Besides walking on the beach and enjoying perfect Zadar weather, there are a lot of things to do and see in the city of most beautiful sunsets.

Greeting to the Sun

The Greeting to the Sun consists of three hundred multi-layered glass plates that are powered by the sun and emit light when the sun goes down. It is a way to use the power of the Sun, the same as the Sea Organ uses the sea.

Sea Organ

The sea organ is a natural musical instrument played by the sea. It looks like a series of marble steps which underneath hide 35 pipes whose whistles, play 7 chords of 5 tones. It was designed and built in 2005 by stone carvers and architect Nikola Bašić, who received the European Prize for Urban Public Space for it.


This square from the Roman era occupies the city’s center. It was built from the 1st century BC to the 3rd century AD, but it’s still very much alive and serving its purpose as thousands of people visit it every day.

Five Wells Square

This Square is exactly what you would expect – it has five wells! This place was once a defence moat but was later turned into a large water storing tank to help survive constant attacks from the Turks.

Gold & Silver Museum

The Permanent Exhibition of Religious Art was initiated by one of Croatia’s most esteemed writers, Miroslav Krleža. Besides holding the gold and silver, this exhibit displays manuscripts, sculptures, embroideries, tapestry and reliefs spanning from the 8th till the 18th century.

The City Walls and Gates of Zadar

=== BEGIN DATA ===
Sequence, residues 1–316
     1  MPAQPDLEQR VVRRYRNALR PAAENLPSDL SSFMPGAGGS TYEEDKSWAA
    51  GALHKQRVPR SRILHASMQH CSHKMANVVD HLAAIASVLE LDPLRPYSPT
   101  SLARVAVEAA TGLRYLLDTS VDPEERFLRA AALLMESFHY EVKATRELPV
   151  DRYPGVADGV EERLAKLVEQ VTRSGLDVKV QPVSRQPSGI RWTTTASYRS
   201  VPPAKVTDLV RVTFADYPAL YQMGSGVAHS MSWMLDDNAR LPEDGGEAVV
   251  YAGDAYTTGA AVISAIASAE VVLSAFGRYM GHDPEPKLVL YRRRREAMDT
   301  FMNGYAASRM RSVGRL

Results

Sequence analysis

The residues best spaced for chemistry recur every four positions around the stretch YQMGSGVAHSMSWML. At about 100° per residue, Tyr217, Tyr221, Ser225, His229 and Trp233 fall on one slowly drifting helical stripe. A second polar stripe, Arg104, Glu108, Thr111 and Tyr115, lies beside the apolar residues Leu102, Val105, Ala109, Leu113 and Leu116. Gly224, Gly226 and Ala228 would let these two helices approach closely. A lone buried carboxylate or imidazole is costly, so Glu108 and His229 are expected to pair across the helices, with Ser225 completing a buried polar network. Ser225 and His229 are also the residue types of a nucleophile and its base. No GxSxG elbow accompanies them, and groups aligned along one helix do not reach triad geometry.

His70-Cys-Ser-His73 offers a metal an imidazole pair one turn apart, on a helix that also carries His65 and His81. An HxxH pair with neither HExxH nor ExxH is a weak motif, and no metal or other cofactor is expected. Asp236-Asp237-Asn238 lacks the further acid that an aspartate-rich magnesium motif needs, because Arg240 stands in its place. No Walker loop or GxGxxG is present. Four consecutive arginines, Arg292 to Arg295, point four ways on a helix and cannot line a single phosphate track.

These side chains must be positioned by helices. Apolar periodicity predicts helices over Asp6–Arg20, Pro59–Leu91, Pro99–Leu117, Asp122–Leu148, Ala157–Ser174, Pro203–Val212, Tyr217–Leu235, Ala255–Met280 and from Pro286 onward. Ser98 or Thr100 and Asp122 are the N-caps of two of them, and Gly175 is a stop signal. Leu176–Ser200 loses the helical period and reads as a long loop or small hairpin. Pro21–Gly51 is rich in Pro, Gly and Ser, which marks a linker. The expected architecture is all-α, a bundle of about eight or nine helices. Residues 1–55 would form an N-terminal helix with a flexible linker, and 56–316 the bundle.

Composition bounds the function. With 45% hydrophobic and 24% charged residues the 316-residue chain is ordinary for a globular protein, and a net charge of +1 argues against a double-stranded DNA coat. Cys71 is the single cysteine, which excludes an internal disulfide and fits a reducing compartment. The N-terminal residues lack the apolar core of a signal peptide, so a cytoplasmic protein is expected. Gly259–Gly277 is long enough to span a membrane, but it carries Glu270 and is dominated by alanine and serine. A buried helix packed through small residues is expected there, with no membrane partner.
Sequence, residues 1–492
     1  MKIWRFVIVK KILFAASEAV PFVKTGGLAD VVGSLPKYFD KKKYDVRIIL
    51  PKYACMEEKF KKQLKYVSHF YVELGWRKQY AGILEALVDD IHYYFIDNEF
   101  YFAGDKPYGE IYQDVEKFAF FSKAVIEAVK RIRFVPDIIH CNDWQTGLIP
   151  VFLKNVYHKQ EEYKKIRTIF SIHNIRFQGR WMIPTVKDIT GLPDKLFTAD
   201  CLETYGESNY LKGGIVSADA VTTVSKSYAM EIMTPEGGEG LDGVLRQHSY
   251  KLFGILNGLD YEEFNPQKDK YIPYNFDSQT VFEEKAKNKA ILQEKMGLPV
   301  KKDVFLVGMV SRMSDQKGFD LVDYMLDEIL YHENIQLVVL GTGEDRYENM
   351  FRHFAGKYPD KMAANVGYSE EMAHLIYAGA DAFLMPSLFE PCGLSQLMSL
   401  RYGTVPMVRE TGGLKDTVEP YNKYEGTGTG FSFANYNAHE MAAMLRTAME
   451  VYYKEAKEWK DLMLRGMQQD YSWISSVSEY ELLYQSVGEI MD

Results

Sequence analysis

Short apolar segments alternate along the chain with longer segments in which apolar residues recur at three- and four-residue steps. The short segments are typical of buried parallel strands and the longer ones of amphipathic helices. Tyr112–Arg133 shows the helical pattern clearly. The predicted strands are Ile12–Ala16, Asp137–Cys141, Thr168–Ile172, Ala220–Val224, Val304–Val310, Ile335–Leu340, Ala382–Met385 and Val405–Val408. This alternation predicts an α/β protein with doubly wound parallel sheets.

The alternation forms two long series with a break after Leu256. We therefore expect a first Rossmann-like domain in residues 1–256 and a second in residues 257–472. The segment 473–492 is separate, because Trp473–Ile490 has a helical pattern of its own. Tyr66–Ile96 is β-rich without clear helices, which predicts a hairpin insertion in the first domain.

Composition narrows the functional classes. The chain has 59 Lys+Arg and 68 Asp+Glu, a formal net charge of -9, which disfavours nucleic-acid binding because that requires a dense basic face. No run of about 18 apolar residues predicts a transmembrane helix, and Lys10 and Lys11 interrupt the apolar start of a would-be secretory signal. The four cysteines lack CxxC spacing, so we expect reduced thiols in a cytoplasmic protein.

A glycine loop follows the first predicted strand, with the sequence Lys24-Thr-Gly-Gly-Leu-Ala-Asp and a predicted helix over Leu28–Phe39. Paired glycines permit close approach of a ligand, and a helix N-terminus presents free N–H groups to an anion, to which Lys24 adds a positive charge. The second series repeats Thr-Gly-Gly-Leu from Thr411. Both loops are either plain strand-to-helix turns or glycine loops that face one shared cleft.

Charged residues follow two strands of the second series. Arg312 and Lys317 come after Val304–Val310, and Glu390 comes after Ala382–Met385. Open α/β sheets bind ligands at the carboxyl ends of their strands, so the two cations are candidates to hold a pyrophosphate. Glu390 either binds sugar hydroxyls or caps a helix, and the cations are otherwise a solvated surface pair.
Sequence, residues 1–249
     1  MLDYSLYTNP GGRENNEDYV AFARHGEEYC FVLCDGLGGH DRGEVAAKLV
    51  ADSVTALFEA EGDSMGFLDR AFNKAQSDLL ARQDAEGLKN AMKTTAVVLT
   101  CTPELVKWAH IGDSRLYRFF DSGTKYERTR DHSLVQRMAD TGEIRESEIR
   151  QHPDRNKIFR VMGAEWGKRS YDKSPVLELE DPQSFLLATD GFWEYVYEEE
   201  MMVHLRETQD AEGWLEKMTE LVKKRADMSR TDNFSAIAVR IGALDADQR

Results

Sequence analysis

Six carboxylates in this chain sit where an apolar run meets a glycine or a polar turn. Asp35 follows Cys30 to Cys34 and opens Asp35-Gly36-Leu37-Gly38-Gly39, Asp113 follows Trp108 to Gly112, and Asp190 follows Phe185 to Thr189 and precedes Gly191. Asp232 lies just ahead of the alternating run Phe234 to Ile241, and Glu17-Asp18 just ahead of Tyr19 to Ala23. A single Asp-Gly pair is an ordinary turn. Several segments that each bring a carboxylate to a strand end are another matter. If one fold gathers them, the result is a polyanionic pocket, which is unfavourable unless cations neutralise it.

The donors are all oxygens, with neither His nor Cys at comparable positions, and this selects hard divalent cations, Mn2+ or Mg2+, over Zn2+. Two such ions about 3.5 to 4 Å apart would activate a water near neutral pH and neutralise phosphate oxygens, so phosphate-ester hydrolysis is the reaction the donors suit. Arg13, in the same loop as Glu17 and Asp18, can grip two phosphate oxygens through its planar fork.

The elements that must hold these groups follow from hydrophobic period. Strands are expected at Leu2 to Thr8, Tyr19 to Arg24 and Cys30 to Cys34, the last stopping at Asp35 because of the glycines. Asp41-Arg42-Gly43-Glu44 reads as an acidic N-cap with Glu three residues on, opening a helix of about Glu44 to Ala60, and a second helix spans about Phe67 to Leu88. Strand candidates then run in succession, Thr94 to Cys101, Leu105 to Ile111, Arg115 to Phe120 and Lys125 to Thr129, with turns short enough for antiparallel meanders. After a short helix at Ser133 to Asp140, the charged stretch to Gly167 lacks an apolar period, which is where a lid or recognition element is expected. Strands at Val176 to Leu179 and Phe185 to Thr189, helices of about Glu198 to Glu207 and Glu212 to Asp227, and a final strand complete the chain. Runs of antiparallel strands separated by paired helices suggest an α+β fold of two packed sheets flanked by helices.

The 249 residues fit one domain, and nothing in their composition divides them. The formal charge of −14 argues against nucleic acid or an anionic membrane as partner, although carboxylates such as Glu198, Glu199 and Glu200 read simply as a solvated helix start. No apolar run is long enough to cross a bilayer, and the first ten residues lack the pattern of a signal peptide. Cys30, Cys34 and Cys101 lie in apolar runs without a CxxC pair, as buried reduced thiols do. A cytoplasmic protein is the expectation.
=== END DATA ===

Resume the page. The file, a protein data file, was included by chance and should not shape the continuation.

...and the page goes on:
Zadar’s impressive city walls once protected this city-fortress against the Turks, and Sea Gate (an entrance to the city) was built to commemorate a victory against these invaders. There are 6 remaining gates to Zadar old town, with the most majestic one being the main entrance, the renaissance Land Gate.

The Market

There’s no better way to get to know a place than to visit its market, feel the bustle of the city and taste as-fresh-as-it-gets produce.

Saint Anastasia’s Cathedral

Cathedral of St. Anastasia is a Roman Catholic cathedral and the biggest church in Croatia. The church was probably built in the 4th century and was remade in the 11th century. It is a part of UNESCO’s Tentative List of World Heritage Sites.

Rector’s Palace

This baroque palace dating back to the 13th century used to serve as the seat of the Rector of the Republic of Ragusa. Today it holds collections of four departments of the National Museum in Zadar.

St. Donatus Church

This pre-Romanesque church from the 8th century is the largest of its kind in Croatia and one of the most recognizable symbols of Zadar.

Since it is only 60 km away from our Camp, getting to see Zadar’s attractions from Camping Village Šimuni is a breeze. The drive is even more enjoyable because there are a lot of family farms selling homemade produce along the road, so you definitely don’t have to go sightseeing on an empty stomach.

Now all that’s left is to book your vacation and visit the beautiful Zadar!